The More Necessary Thing

  • March 21, 2013
  • #8059

Aging — it is a fact of life. But when it comes to moving in your elderly relative, what should be our response? Listen to Joni as she shares Biblical answers to this matter.

Hi, this is Joni Eareckson Tada with a grandmotherly lesson.

Welcome to "Joni and Friends" where I must confess that, yes, I learned many lessons from my grandmother. But the most important lesson was taught to me very late in her life. Grandmother Landwehr was German to the core and she lived to be a ripe old age — so old, in fact, that as a teenager I wondered why God allowed her to linger in so much hardship and suffering. My grandmother suffered several strokes and had to leave her cherished home on Monastery Avenue on the west side of Baltimore City to come and live with us. It meant that my sister, Jay, had to move out of her bedroom and move in with Kathy and me into a much smaller bedroom. My siblings and I ran errands for Grandmom, picked up her mail, read the newspaper or books to her by bedside, and took on extra chores so that our mother would be free to tend to the rest of the house and any other extra needs my Grandmom had. At first, Jay and Kathy and I did not like this one bit; we did not like the change in routine, the demands on our time — we were teenagers. It was inconvenient. It was not ‘the way we always did things.’ And at first, we dragged our feet over all the extra responsibilities and duties. In time, though, we changed,; and with that change, came not only a much more tender spirit toward Grandmother Landwehr, but a newfound ability to be flexible, to give, to look out for another’s interest before our own — especially since that other person had real needs. Looking back, my grandmother’s extended stay with us in our home really changed our family dynamics … and my sisters and I … suddenly we had to become a lot less self-focused — and that was a lesson that has served me well to this day.

You know, as my Lutheran grandmother would lie in bed upstairs in her house, she probably prayed like the apostle Paul who said in Philippians chapter 1, verse 23. I'm sure she probably looked at her Bible, and prayed, “I desire to depart and be with Christ, which is better by far.” But then, there’s the rest of that verse, for it was far more necessary for us — my sisters and I — that my grandmother remain with us and not go to heaven all too soon. Why? Well, sometimes our suffering is mostly for the benefit of others. That was God's intention. That’s why Grandmom lingered all those many months. It was for our benefit. God was not about to "take my grandmother home" before He had taught me and my sisters how to serve selflessly.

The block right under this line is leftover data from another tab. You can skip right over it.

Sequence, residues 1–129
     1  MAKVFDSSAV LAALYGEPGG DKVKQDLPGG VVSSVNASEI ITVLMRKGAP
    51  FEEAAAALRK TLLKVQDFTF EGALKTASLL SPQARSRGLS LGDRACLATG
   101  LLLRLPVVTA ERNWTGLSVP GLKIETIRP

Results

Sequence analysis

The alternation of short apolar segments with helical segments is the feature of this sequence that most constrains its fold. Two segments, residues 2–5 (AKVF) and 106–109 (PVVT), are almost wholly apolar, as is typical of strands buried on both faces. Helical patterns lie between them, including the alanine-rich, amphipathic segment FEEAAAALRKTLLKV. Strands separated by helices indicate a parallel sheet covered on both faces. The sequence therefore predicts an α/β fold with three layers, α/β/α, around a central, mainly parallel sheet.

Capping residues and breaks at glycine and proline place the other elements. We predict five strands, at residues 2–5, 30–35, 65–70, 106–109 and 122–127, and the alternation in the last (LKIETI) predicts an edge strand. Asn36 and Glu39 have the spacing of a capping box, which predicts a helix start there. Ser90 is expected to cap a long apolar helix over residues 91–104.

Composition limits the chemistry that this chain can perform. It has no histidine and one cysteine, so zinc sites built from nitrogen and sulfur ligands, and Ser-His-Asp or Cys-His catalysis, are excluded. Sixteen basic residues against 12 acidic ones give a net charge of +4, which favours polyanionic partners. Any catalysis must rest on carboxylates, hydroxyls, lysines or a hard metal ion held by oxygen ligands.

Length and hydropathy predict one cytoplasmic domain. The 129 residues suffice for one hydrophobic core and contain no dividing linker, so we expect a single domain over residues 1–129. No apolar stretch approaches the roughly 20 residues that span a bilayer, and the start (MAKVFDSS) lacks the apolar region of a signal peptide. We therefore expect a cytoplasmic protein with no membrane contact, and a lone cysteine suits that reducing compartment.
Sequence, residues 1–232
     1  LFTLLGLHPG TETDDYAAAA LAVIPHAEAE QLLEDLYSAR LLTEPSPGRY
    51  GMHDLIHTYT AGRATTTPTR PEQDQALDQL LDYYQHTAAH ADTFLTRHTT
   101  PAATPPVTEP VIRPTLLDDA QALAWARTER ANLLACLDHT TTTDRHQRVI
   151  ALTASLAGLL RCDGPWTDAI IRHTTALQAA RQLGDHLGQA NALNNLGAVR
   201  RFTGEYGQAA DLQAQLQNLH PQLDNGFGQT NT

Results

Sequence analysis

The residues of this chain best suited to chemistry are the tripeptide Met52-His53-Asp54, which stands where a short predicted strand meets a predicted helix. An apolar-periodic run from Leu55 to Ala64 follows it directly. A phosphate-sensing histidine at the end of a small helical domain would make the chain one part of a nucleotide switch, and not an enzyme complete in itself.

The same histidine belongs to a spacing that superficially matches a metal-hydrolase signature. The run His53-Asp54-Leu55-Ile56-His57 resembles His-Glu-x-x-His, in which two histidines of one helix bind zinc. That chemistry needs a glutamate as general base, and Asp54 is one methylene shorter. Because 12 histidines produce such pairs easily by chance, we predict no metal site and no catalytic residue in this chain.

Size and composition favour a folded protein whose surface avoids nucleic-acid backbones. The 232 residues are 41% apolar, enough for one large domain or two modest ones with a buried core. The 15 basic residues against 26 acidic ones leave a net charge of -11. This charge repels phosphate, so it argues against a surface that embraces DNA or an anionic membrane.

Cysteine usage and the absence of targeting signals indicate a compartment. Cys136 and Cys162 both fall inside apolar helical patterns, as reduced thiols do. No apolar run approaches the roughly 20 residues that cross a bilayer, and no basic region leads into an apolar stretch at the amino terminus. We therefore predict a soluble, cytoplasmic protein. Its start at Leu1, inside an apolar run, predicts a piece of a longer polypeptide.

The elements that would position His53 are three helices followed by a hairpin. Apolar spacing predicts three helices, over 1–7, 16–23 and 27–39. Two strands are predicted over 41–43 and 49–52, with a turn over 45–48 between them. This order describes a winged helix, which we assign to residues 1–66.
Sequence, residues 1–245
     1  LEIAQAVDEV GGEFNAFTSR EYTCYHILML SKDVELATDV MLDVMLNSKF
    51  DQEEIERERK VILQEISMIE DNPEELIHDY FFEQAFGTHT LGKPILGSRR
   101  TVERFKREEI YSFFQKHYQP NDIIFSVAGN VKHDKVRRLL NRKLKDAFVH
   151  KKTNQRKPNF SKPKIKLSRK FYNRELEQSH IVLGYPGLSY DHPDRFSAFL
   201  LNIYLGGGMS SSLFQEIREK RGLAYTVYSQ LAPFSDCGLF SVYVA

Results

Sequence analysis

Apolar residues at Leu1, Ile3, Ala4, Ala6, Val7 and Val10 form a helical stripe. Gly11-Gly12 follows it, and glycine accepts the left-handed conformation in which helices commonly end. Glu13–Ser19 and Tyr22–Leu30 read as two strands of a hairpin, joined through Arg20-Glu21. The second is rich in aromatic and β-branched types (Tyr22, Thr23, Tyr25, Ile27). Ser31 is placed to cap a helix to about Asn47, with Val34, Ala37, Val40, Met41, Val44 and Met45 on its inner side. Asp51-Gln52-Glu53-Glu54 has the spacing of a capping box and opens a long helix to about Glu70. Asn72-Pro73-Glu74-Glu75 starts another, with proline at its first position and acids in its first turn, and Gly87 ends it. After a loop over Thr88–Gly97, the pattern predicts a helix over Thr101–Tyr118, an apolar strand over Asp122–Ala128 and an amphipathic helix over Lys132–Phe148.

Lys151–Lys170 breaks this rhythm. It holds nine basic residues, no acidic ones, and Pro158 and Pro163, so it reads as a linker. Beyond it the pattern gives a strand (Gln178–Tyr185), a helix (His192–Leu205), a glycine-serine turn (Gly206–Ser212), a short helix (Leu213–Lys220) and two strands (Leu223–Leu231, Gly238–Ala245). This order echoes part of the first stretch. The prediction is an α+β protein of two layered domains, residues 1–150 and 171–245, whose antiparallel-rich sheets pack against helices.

But that begs the question: Was God being utilitarian? Was He only "using" my grandmother's hardship for our benefit? Hardly! Paul explains later in verses 25 and 26, "… I know that I will remain, and I will continue with all of you for your progress and joy in the faith, so that [now here it comes] through my being with you again your joy in Christ Jesus will overflow on account of me." Isn’t that cool? The lessons about selfless service were for our progress in the faith and, ultimately, for our joy, too, especially as my sisters and I experienced the blessings of helping a family member. But the wonderful thing is God accrued all those good things to my grandmother’s eternal account. God accomplished much in my life through Grandmom and it's all to her credit. The point I'm trying to make? Well, we all need to remember that our suffering can — and does — benefit others, and that is sometimes the more necessary thing. Maybe you have an elderly parent living with you, or you are tending to the needs of your severely disabled child. Well, the lesson of selfless service that you and the rest of your family can learn are priceless. And Grandmother Landwehr would say amen to that!

© Joni and Friends 

 

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